Andy Serkis’ level of devotion to his craft should be obvious to this point, but what makes the whole thing even more jaw-dropping is the extra detail that Seth Rogen dropped during our conversation. After all, it’s one thing to be willing to sit in a make-up chair for six hours every day, but the choice becomes even more extreme when you learn that sometimes he would go through the entire process and then not shoot a single frame of footage:
Seth Rogen: It was ridiculous! And there were some days, because it was self-inflicted, there were some days - and this happens a lot of movies - where you think you're going to shoot a scene, and then you don't, and then you shoot it the next day or something like that. And he would go through like six hours of makeup or something like that, and then we would just be like, 'Oh, we're not to do it today.' And he's just like, 'All right!'
Charlize Theron: He was fine!
Seth Rogen: You're just like, 'Dude! Like, wow.' He's truly one of the nicest dudes in the world, which is weird cause he like exclusively plays evil people. [laughs]
This is pretty insane to think about, particularly when you consider that actors regularly complain about the process of going through extreme transformations – but perhaps it’s a bit like taking long car trips: if you go on them regularly enough, eventually you just kind of get numb to their monotony.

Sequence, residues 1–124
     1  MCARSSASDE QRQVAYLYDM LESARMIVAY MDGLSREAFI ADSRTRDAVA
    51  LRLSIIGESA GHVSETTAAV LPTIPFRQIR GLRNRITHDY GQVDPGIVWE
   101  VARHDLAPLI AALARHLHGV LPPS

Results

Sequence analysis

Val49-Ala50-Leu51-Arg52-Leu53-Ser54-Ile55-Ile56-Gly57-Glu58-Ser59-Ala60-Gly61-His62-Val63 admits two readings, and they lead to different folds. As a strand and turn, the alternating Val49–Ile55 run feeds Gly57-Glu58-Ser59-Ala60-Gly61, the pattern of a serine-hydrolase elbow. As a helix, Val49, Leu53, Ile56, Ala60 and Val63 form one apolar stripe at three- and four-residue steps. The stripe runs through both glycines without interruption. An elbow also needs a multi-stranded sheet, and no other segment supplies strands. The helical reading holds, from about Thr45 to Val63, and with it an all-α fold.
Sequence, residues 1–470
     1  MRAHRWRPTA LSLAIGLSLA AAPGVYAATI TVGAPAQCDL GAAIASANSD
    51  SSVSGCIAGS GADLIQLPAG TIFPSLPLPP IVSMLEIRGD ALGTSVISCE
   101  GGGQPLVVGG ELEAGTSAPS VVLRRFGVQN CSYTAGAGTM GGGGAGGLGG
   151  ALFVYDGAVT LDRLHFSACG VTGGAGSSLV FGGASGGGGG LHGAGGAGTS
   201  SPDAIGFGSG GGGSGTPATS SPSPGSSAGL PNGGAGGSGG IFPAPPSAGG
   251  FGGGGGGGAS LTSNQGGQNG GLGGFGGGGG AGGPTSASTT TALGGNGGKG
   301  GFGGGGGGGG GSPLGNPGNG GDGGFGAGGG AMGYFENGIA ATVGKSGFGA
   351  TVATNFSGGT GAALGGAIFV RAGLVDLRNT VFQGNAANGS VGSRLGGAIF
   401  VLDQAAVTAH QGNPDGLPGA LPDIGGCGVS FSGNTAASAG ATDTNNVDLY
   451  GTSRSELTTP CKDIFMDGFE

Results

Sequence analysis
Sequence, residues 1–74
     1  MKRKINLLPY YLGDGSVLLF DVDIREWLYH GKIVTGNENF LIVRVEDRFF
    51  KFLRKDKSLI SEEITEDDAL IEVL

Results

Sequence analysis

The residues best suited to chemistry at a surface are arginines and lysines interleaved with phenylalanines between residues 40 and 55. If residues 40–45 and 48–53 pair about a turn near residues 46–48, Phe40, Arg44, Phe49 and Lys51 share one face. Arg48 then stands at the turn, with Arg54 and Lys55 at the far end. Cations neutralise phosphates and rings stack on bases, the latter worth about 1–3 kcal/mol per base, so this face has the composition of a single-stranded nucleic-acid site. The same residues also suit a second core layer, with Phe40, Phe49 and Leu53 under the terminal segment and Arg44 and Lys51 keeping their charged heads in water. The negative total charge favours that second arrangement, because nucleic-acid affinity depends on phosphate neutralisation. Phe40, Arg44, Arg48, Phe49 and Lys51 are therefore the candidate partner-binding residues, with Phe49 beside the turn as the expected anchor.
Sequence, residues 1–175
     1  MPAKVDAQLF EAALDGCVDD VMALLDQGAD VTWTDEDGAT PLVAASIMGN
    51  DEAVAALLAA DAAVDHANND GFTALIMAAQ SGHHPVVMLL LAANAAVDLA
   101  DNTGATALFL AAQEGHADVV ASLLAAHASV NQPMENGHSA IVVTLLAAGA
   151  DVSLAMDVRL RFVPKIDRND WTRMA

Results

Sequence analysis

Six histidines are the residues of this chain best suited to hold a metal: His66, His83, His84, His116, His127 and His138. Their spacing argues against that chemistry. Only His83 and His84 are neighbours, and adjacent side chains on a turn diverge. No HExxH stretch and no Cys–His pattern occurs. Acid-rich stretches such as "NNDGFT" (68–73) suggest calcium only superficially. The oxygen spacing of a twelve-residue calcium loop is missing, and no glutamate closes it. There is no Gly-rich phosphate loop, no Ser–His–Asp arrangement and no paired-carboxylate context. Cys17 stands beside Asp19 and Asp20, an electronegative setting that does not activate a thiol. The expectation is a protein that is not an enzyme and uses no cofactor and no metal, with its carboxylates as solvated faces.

You'll obviously be able to see Andy Serkis' full performance in the film, but he can briefly be spotted a couple times in the trailers - the first being in the screenshot above, and a second time in the shot below:
Regardless of exactly how Andy Serkis was able to put himself through that painstaking process in the making of Long Shot, at the end of the day it was something for which Jonathan Levine expressed extreme admiration and appreciation. Said the director,
It was amazing for us, because for me it reminded me of Coming To America or Dick Tracy, you know - movies where you're like, 'Who is that guy?' and that part of it becomes part of the fun of the movie. So it was always came from a fun place, and it was always consistent with what we were going for tonally. What's great about Serkis is he's a director too, so he knew he wasn't like 'going rogue.' It was a collaborative decision, but it was one that I was just kind of like, 'Dude, you really want to be here six hours longer than you have to?' I love directing, but you know, as soon as that whistle blows, I'm out the door. [laughs]
You can watch Seth Rogen, Charlize Theron, and Jonathan Levine discuss their time working with Andy Serkis in the making of Long Shot by clicking play on the video below.
Also starring O’Shea Jackson Jr., Ravi Patel, June Diane Raphael, Alexander Skarsgard, and Bob Odenkirk, Long Shot is a romantic comedy that ultimately follows the relationship between the aforementioned Fred Flarsky and Charlotte Field, the latter having previously been the former’s babysitter. After losing his job, Flarsky winds up becoming a part of Field’s speechwriting team, and while he starts to learn how to not constantly get in his own way, she is also inspired to stand up for the ideals in which she believes. It’s one of the best comedies of the year so far, so be sure to look for it in a theater near you when it’s released this Friday.